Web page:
CONTINENTAL Airlines and United Airlines have signed a $3.15bn (£2bn) merger agreement that is expected to create the world’s largest airline.
The two US carriers signed the all-stock merger agreement yesterday, with expectations that they will officially consolidate both companies by the end of the fourth quarter this year.
Under the agreement, United shareholders will own 55 per cent of the new holding company, United Continental Holdings, while Continental shareholders will own 45 per cent of the company.
“This combination brings together the best of both organisations and cultures to create a world-class airline with tremendous and enduring strengths. Together, we will have the financial strength necessary to make critical investments to continue to improve our products and services and to achieve and sustain profitability,” said Jeff Smisek, Continental’s chairman, president and chief executive officer.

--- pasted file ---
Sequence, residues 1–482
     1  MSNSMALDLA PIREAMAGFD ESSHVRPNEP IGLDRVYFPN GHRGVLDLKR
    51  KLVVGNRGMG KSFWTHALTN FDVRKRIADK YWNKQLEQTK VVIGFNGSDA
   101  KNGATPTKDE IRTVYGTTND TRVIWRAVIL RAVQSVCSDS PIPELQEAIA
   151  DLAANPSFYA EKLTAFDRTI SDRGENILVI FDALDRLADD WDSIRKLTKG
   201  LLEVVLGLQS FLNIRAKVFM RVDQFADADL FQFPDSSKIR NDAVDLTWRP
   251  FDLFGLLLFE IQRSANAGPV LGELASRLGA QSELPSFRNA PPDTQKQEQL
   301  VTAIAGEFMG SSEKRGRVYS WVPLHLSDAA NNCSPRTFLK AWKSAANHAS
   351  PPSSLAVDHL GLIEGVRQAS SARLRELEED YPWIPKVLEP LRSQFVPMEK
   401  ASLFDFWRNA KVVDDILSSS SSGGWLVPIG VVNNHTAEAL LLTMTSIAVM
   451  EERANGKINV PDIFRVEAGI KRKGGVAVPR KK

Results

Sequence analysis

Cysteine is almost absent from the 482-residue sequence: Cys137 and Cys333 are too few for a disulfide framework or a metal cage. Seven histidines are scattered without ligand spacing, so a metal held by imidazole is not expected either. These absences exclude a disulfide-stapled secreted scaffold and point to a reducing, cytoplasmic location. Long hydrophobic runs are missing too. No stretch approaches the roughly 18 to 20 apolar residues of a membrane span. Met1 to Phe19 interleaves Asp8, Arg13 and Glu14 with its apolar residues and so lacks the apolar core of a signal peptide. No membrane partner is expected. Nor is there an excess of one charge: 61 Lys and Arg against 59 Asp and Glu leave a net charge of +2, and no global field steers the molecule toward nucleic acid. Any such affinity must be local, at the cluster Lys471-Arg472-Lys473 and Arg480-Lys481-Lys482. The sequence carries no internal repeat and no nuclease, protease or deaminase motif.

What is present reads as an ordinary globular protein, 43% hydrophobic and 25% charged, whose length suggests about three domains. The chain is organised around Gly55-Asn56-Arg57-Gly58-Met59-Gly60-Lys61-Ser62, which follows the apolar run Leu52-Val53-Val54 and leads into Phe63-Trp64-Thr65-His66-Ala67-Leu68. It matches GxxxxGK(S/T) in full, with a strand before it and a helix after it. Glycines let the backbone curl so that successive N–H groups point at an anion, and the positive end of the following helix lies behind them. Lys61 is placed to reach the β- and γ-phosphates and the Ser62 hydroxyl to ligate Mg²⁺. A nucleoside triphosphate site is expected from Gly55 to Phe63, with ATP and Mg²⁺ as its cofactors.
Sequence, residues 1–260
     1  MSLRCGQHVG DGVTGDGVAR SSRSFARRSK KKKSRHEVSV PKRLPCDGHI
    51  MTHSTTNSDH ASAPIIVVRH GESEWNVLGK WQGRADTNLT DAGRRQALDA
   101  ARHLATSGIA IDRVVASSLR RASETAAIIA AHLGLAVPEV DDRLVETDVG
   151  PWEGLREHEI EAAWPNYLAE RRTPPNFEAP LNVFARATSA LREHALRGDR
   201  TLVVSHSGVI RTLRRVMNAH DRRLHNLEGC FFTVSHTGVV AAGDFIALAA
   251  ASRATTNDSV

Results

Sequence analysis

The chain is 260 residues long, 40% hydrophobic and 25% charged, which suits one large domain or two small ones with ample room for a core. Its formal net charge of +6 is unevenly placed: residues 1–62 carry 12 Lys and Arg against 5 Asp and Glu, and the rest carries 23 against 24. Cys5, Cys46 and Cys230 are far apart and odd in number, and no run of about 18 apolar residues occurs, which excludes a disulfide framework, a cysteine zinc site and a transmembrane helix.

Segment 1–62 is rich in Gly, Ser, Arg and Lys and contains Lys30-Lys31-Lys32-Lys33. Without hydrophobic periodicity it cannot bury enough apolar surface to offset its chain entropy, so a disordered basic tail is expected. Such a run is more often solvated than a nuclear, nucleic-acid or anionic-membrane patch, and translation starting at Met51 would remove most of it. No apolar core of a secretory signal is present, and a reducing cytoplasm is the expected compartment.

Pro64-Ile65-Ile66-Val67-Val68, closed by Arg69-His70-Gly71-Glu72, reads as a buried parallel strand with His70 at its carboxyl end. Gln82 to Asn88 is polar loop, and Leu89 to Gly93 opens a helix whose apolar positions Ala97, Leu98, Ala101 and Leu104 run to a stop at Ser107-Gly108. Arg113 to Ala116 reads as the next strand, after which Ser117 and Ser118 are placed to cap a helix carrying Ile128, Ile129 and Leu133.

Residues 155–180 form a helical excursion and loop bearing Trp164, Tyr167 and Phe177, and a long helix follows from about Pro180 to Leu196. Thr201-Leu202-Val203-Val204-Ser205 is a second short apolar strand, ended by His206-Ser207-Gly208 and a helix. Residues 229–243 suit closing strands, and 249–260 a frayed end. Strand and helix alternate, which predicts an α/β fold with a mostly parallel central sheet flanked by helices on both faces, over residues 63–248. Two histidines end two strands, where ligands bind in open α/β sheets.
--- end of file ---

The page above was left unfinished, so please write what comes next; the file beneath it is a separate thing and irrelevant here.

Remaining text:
United Continental is expected to generate $29bn in annual revenue, with expected incremental revenue of between $800m and $900m a year, which it expects to derive from expanded passenger options and additional international services.
Smisek will take the helm of the new group, while United chairman, president and chief executive officer Glenn Tilton will serve as a non-executive chairman until December 2012.
The new company will operate under the United name, but will adopt Continental’s logo, livery and colors.
News of the deal sparked a rise in airline stocks yesterday as the market anticipated further consolidation amongst commercial carriers.